AI in Financial Services: 10 questions you should ask before thinking about leveraging new technologies for AML- Fraud detection
Challenges and opportunities of new technologies
The use of AI in fraud detection has been picking up pace in the past few years due to its ability to detect patterns in data which a human would not be able to see. And with the rise in machine learning and deep learning, these algorithms are going to become much more advanced going forward.
In July 2021, the Financial Action Task Force (FATF) published a report on challenges and opportunities of new technologies for AML/CFT.
In their synthesis, they acknowledged several benefits of new technologies including facilitating data collection, processing and analysis to help supervisors identify, assess, monitor and communicate suspicious transactions more effectively and close to real time.
But they also raised some concerns related to standing operational and regulatory constraints and complexities associated with updating the legacy systems, explainability and interpretability.
According to FTAF, smaller financial institutions in particular often lack internal capacity or confidence to evaluate the effectiveness of a given innovative solution among a large and growing range of competing vendors and products, to determine if it is appropriate for the institution’s risk profile, customer base, and business activities, or to implement models and manage model risk.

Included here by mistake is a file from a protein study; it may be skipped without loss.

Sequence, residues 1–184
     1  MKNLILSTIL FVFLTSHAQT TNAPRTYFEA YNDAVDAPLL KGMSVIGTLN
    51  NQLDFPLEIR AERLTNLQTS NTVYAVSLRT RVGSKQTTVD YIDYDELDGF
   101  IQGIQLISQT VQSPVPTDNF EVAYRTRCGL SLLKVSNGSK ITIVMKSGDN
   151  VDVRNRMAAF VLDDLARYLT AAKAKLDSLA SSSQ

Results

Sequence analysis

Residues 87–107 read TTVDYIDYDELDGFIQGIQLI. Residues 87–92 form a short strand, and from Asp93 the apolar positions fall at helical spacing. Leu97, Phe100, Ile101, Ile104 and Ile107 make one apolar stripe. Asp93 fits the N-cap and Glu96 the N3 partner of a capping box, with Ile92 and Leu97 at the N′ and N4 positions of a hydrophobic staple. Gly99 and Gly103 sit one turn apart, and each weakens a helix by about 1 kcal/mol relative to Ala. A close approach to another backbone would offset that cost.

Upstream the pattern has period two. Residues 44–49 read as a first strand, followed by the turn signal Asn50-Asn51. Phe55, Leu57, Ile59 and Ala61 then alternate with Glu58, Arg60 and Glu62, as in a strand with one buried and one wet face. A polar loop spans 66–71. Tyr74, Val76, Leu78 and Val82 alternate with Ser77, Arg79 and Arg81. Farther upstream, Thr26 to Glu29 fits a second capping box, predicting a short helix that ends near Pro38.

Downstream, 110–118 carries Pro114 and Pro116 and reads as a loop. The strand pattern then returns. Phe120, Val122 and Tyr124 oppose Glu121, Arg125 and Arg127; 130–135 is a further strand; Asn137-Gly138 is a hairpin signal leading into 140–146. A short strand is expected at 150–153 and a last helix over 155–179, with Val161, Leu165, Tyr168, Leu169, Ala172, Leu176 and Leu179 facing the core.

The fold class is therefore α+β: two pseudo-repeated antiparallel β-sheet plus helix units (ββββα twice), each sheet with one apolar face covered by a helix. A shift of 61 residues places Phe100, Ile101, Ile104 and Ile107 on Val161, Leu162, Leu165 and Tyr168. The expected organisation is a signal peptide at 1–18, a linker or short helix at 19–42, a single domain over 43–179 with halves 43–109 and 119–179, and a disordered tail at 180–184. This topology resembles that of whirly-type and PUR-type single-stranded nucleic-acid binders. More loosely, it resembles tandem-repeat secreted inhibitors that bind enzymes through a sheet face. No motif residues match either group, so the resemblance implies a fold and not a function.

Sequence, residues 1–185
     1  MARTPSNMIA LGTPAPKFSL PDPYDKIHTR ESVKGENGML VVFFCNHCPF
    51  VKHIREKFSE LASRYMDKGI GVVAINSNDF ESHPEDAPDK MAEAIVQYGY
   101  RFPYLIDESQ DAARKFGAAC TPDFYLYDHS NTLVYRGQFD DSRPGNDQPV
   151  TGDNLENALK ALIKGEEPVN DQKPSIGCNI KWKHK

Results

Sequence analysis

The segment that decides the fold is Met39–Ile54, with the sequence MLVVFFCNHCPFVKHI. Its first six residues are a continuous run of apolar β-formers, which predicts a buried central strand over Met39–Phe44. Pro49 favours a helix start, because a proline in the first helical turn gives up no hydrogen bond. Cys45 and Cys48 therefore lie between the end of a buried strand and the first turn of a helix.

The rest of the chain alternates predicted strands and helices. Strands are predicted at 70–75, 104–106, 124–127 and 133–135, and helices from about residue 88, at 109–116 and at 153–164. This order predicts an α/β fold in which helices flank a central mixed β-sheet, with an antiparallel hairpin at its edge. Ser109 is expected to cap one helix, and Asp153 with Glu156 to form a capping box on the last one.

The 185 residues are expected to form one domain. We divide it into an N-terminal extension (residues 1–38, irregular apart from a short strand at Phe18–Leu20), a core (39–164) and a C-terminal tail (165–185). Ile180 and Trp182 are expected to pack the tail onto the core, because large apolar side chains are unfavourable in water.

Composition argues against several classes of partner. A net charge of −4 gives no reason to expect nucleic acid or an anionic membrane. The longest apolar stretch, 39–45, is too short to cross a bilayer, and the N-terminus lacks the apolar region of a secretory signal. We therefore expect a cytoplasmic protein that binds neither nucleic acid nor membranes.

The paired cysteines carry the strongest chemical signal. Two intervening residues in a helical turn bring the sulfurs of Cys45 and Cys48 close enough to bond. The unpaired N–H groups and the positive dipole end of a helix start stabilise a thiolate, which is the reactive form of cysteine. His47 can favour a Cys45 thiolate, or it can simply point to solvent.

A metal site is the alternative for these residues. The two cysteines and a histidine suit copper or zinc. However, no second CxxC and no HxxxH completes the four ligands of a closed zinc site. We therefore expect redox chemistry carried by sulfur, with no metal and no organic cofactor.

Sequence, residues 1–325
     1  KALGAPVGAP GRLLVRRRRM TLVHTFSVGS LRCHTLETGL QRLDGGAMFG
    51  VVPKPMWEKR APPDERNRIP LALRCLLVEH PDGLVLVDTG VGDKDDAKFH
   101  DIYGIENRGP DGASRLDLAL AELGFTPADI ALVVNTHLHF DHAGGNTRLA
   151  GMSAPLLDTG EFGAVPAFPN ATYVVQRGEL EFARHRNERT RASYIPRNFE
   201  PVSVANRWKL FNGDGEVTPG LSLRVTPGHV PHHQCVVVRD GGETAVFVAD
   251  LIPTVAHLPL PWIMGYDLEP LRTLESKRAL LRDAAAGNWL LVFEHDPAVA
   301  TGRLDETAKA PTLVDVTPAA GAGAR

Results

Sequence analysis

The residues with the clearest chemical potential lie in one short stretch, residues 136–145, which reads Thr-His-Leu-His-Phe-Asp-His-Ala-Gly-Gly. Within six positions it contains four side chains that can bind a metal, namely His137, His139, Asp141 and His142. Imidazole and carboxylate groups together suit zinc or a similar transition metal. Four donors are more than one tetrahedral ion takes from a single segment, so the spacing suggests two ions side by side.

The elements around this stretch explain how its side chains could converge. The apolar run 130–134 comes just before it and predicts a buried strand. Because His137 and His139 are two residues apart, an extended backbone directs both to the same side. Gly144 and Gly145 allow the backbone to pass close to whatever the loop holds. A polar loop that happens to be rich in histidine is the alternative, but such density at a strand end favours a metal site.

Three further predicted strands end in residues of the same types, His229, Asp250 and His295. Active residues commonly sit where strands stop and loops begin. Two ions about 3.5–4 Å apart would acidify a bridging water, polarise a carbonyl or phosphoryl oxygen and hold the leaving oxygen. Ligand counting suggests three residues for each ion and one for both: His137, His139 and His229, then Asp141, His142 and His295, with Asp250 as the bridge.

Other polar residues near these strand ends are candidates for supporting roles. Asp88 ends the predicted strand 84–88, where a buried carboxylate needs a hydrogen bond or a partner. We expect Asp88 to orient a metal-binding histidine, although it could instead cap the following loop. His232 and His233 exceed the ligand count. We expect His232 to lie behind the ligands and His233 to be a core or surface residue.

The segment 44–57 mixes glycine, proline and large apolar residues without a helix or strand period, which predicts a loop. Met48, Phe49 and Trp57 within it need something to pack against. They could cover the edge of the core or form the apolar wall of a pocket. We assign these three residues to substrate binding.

Perform a cost analysis
Before starting any projects on new technologies for AML Fraud Detection, financial institutions should perform a cost benefits analysis covering 5 levels
- specific business and risk faced by the organization
- compliance practice : process and governance in place
- IT infrastructure
- Data readiness
10 key questions
Given our experience in implementing AI MLsolution for AML and fraud detection, here are key questions to kick off this cost benefit analysis:
- What are the current strengths and weaknesses of the current FCC - compliance process ?
- Did specific areas of risk increase in the last months/years ?
- What is the proportion of false positives ?
- How much time is spent by the investigation team on evaluating false positives compared to the high risk transactions ?
- Does a risk based approach segregate the investigation effort against potential ratings ? are you able to implement the risk based approach homogeneously in the company ?
- Regarding your rules engine, is it flexible enough to cover new regulations ? to track new changes in the customer behavior ?
- Did you make an evaluation of the quality and availability of data ? Which effort is required to collect and clean transactions, prospect and client data ?
- What is the ratio of manual data checks vs automated checks ?
- What is the readiness of the team to use new technologies ?
- How do you intend to introduce new technologies ? by adding gradually new components ? by replacing some part of your legacy systems ?
Then based on weakness and strengths observed on the 5 levels come the requirements to design the new solution being data enhancement, redesign of new practices or enhancement of the existing IT systems with new technologies.
Issues related to the costs of new technologies, the ability to ramp up resources on new technologies as well as the cultural shift to move to new technologies are additional items to be taken into consideration.
Towards augmented compliance
As any new technology, Ai should be evaluated from cost benefits perspective and integrated in the compliance process. It is important to understand that AI does not exist in a vacuum : it should streamline the process, improve efficiency and speed, decrease costs and free up capacity. Otherwise he doesn’t play his role towards augmented compliance.